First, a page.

Elementary and Secondary Education

Chang exits with $267,383-plus

Chang exits with $267,383-plus

Leaves 2 years early, gets 1 year’s salary

FORMER BOSTON PUBLIC SCHOOLS superintendent Tommy Chang received $267,383, the equivalent of one year’s salary, for agreeing to resign two years before his contract was scheduled to expire. According to the settlement agreement, Chang will also be paid for 27 days of accrued vacation time and three days of accrued personal paid time off. A(...)

Read More »

Parent provocateur

Parent provocateur

Mom-in-chief Keri Rodrigues rallies parents on education issues, but her past work on charters dogs her

PHOTOGRAPHS BY MICHAEL MANNING IT’S A THURSDAY EVENING in late May and about 20 immigrant parents and grandparents are gathered in a meeting room of the Cambodian Mutual Assistance Association in Lowell. It’s the monthly meeting of the local chapter of Massachusetts Parents United, a statewide organization launched two years ago to give low-income families(...)

Read More »

It’s time for another McDuffy case

It’s time for another McDuffy case

State needs to address inequality in education

WHEN THE PUBLIC SEEKS to improve the educational outcomes for students, we tend to misdirect our frustration towards teachers unions, low-performing district schools, and/or the existence of charter schools. The problem, however, is much larger than any one school. In reality, cash-strapped urban districts and Gateway Cities across Massachusetts are not getting their fair share of(...)

Read More »

Don’t let charters take over in Puerto Rico

Don’t let charters take over in Puerto Rico

It’s New Orleans all over again – and that’s not good

RICARDO ROSSELLO, the governor of Puerto Rico, recently signed an education reform bill that will introduce charter schools to Puerto Rico for the first time in history. The signing of the bill took place while students, parents, and teachers have been relentlessly protesting the proposed closure of 283 schools across the island. The current government(...)

Read More »

Tracing Latino educational inequality

Tracing Latino educational inequality

In Massachusetts, Latino college graduation gap among widest in US

MASSACHUSETTS IS FALLING FAR SHORT when it comes to educating Latino students, with a four-year college graduation gap between white and Latino students that is the 37th worst in the country. The wide gulf in completion rates exists despite the fact that Massachusetts Latino students demonstrate higher achievement in K-12 education than Latinos nationally, according(...)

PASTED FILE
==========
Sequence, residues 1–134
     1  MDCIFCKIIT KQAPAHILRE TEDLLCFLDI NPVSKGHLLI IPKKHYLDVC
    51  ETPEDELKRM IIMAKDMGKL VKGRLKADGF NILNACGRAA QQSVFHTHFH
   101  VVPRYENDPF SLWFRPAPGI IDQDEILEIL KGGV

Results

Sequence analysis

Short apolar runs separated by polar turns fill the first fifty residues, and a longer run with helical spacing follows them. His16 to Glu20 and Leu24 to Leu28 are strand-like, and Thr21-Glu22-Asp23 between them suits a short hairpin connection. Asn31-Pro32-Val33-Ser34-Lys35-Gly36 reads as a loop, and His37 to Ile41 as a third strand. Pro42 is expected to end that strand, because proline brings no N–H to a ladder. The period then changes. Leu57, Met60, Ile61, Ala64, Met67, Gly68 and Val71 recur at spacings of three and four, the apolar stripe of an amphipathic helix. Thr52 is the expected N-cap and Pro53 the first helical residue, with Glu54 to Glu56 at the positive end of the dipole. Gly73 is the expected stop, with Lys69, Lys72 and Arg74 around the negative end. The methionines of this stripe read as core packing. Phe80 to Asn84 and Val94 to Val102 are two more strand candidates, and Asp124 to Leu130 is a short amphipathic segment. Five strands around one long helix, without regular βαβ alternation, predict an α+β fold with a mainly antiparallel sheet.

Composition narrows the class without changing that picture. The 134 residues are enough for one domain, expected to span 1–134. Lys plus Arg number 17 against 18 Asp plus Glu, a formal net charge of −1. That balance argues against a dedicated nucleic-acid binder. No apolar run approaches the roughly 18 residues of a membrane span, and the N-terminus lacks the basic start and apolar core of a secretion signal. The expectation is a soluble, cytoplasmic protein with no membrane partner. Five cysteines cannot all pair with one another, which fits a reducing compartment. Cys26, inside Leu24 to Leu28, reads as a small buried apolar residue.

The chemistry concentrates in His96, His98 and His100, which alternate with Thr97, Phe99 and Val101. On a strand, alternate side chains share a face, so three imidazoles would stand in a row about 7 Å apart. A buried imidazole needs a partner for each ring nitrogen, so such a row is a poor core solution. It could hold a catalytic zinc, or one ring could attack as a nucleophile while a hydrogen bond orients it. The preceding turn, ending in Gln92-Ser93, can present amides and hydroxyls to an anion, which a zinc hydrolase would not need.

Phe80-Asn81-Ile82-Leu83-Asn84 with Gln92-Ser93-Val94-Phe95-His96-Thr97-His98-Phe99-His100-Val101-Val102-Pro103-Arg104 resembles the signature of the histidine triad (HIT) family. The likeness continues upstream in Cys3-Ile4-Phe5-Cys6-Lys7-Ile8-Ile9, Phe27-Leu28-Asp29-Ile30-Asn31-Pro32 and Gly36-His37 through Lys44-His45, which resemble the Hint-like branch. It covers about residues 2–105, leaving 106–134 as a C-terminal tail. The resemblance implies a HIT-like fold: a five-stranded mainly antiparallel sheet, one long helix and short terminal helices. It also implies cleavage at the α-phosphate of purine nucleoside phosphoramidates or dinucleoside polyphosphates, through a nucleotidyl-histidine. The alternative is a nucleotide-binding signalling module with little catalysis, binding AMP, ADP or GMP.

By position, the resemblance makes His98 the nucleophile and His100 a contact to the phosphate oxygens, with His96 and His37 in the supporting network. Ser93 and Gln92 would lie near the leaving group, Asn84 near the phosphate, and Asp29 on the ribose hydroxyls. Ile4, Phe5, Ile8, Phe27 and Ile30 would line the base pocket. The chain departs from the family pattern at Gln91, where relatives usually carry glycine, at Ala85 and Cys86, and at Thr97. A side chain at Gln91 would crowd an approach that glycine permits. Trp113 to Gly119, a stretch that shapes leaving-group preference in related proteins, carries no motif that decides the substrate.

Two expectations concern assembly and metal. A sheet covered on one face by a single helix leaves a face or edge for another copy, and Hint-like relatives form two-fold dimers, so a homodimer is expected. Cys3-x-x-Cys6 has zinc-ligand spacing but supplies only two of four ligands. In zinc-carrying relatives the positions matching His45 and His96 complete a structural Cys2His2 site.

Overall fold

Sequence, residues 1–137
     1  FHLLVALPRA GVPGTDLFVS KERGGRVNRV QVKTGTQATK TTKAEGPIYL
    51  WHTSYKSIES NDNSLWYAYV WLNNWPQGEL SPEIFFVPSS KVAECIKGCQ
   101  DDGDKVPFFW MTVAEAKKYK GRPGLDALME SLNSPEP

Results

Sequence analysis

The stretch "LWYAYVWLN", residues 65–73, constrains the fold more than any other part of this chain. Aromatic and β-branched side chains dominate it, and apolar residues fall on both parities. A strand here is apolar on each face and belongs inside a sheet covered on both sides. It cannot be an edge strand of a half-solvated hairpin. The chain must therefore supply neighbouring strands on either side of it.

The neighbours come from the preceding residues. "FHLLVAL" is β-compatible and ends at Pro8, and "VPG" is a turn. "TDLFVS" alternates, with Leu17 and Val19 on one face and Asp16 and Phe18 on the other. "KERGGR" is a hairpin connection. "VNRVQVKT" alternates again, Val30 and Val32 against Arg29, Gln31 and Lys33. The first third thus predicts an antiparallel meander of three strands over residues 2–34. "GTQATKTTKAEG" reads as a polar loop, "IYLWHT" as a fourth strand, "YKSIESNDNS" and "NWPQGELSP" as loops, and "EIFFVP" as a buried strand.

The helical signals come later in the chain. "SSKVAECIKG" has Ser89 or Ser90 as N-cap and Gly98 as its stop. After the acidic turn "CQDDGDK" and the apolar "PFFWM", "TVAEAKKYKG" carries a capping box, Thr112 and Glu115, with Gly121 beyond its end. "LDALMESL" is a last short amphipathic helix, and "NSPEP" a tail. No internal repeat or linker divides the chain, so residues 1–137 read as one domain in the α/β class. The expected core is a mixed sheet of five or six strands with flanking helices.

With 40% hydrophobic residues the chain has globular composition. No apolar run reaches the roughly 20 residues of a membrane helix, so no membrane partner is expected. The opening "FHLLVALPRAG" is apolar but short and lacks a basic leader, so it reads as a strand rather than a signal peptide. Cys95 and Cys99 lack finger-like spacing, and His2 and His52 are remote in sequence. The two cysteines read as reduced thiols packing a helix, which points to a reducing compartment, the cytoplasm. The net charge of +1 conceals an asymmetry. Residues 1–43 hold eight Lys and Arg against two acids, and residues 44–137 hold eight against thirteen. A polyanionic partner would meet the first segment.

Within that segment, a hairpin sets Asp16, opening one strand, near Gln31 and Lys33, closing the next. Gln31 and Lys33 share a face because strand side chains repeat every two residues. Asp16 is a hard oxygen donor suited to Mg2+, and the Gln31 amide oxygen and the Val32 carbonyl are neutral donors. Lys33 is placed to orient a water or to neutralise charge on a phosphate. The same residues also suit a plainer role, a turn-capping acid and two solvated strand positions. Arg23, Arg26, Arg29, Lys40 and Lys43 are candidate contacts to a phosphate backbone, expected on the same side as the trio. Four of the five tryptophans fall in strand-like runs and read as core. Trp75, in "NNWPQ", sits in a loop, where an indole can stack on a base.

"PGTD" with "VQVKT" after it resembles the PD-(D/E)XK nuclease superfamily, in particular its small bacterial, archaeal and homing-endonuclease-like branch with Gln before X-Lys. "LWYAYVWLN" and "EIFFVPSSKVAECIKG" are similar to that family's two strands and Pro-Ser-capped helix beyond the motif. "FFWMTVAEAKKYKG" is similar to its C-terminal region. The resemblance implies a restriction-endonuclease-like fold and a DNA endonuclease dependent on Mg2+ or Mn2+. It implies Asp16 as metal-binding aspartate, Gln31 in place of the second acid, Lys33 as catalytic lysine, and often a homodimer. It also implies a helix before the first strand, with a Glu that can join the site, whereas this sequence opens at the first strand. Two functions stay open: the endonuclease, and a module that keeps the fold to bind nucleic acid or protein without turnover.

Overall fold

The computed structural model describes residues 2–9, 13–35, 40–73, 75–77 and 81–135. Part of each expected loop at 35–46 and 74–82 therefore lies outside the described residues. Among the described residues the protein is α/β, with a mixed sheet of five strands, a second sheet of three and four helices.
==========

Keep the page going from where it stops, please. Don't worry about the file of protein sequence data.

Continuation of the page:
Read More »

Tufts officials explain their civics research

Tufts officials explain their civics research

Dispute Milford principal’s interpretation of their work

THE MASSACHUSETTS LEGISLATURE is considering a bill (S. 2306) to enhance civic education. We are excited about its prospects and welcome the debate that the bill has provoked, including the critical comments of Milford High School principal Joshua Otlin, who is an experienced and dedicated civic educator. The bill is an opportunity for all citizens(...)

Read More »

In defense of recess

In defense of recess

Legislature should mandate 20 minutes of play each day

WHEN YOU WERE YOUNG, could you spend six or seven hours in a classroom without going outside? Could you sit still for hours at a time, without a chance to run around and get your energy out? Today, that scenario is far too common for kids in our elementary schools. If you’re not a teacher,(...)

Read More »

Pool teachers not unwanted, just underutilized

Pool teachers not unwanted, just underutilized

Any suggestion we don’t teach is blatantly false

I’VE BEEN AN EDUCATOR IN BOSTON public schools for more than 30 years. I am a high school biology teacher, who holds a graduate degree from Harvard. I spent three years as a new teacher developer, one of 12 chosen from across the school district to mentor first-year educators. What has kept me motivated over(...)

Read More »

Testing isn’t punishment, it’s a matter of social justice

Testing isn’t punishment, it’s a matter of social justice

Moratorium on high-stakes assessments would set back minority and low-income students

LAST YEAR WHILE CASUALLY asking my son about taking his first MCAS exam as a third grader, he responded with an adverse physical reaction at the mere mention of the word MCAS. He literally flinched with fear. Now, I did sign many forms at the beginning of the school year, but I don’t recall the(...)

Read More »